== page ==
Atlantic Coast Airlines of Dulles yesterday reached an agreement to acquire up to 110 regional jets in a move that would allow the carrier to bring flights to communities that up until now had been serviced by slower turboprop planes.
Under the agreement, Atlantic Coast has signed a firm order to purchase 55 jets at a cost of $733 million from Fairchild Aerospace Corp. Atlantic Coast operates flights in the eastern and midwestern United States as United Express. Therefore, United Airlines must approve the contract.
"The under-50-seat planes . . . can serve communities that don't have excellent or competitive air service," said Rick DeLisi, a spokesman for Atlantic Coast. "This would be the largest order ever in our history."
Atlantic Coast plans to phase out its 19-seat turboprop airplanes and replace them with the "feeder" jets, which have fewer than 50 seats. The initial order consists of 25 328-JETs and 30 428-JETs, which can accommodate 32 and 44 passengers, respectively.
"Passengers have been very receptive to . . . regional jets," said Tara Hamilton, spokeswoman for the Metropolitan Washington Airports Authority. Atlantic Coast's agreement with Fairchild, she added, "is a good sign that Atlantic is going to be able to continue to grow."
Smaller regional jets have been a hot trend in the airline industry. However, for Atlantic Coast to operate the new craft as United Express flights, it must first clear one major hurdle: approval from United pilots.
In the past, pilot unions from many major airlines have resisted smaller feeder airlines and their pilots for fear that the growth of smaller carriers such as Atlantic Coast would infringe on their routes.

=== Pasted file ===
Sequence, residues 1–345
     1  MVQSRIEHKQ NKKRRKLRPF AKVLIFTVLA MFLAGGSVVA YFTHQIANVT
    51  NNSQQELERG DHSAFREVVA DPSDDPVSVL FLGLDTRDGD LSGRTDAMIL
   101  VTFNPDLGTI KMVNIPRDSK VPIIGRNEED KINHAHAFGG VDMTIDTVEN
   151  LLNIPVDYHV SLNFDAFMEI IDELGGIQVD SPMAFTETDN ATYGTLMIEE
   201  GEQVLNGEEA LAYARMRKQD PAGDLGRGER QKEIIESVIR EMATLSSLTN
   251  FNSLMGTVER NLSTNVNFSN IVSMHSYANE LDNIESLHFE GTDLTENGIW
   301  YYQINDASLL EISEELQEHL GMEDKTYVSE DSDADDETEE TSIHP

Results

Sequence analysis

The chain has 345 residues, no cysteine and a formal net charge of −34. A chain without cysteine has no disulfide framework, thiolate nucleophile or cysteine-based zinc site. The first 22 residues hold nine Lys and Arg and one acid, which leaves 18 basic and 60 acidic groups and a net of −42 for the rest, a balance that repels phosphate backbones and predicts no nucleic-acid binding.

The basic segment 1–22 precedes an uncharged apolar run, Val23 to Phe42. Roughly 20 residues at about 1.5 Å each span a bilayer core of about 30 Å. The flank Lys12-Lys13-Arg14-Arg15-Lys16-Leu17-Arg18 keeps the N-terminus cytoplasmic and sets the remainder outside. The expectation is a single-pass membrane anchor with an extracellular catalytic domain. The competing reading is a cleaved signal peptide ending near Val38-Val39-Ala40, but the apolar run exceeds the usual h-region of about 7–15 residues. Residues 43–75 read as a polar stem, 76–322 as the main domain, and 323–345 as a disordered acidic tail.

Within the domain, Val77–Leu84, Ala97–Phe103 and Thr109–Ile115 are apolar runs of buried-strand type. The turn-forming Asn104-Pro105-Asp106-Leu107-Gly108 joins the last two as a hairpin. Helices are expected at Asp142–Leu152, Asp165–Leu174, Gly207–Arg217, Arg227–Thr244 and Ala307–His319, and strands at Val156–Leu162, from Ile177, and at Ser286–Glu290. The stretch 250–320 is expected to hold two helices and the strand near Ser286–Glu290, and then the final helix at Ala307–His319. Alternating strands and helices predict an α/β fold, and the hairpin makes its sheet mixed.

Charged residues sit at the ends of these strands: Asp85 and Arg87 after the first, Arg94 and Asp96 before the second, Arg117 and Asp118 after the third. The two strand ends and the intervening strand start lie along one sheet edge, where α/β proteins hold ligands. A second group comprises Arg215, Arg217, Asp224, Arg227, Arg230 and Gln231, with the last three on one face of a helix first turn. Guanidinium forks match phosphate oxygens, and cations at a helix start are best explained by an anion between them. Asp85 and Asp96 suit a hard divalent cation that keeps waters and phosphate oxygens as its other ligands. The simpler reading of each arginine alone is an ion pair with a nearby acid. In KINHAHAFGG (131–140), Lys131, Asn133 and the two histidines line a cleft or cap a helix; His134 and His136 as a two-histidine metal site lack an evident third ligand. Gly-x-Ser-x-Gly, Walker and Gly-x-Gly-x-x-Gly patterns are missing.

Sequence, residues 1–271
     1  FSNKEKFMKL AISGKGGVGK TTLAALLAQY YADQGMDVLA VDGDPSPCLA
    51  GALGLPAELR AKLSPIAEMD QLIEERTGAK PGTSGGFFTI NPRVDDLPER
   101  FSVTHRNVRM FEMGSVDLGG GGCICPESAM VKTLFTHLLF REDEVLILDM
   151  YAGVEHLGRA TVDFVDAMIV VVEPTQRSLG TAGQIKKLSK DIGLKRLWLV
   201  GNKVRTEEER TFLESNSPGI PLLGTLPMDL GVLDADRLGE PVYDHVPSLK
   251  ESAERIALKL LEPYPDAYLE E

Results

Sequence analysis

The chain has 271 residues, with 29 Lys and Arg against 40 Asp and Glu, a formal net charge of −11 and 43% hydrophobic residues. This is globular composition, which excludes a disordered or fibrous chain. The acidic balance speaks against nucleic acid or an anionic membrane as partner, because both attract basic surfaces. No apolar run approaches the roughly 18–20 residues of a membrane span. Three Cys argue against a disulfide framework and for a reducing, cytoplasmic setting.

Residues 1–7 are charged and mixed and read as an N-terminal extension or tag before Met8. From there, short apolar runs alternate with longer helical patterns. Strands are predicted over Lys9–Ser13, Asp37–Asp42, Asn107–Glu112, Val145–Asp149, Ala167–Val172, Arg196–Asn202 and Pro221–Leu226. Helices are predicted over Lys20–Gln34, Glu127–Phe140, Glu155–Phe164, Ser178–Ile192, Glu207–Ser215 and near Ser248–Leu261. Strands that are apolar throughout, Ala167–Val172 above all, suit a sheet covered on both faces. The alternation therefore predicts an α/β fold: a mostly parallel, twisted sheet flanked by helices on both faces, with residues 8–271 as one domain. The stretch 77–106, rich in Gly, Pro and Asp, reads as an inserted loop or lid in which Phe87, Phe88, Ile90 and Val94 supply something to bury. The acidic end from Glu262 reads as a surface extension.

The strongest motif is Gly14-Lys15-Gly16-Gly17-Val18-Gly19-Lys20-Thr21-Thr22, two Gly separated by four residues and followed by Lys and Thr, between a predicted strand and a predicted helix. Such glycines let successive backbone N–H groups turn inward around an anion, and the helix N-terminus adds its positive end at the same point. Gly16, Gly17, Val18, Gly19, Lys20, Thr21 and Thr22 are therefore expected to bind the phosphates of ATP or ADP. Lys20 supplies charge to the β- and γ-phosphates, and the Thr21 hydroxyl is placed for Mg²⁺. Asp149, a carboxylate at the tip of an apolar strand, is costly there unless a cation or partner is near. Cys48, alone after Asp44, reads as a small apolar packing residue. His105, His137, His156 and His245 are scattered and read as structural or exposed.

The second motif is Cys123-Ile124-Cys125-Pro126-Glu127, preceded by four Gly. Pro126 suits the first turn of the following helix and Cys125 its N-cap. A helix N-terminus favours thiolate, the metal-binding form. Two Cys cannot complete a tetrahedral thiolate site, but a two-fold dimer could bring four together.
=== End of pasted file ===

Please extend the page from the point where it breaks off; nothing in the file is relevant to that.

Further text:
United currently has a clause in its contract with its pilots that allows its Express carriers (there are six) to operate only 65 regional jets with a maximum of 50 seats each.
Since those terms were negotiated in 1997, "the industry has seen the development of the smaller feeder jets," said Madison Walton, pilot spokesman for the ALPA (Air Line Pilots Association) unit at United Airlines. United approached the union in May with a proposal to include up to 284 regional jets of 44 seats or less.
Since then the two sides have been in negotiations to discuss the issue. Atlantic Coast is the first carrier to raise its number of orders past the 65 crafts stipulated by the agreement. If the pilots refuse to change the contract, Atlantic Coast could only operate the jets under its own name and not United Express.
It could be weeks or months before the pilots and United reach a decision. "This issue is big enough and important enough that it won't happen quickly," Walton said.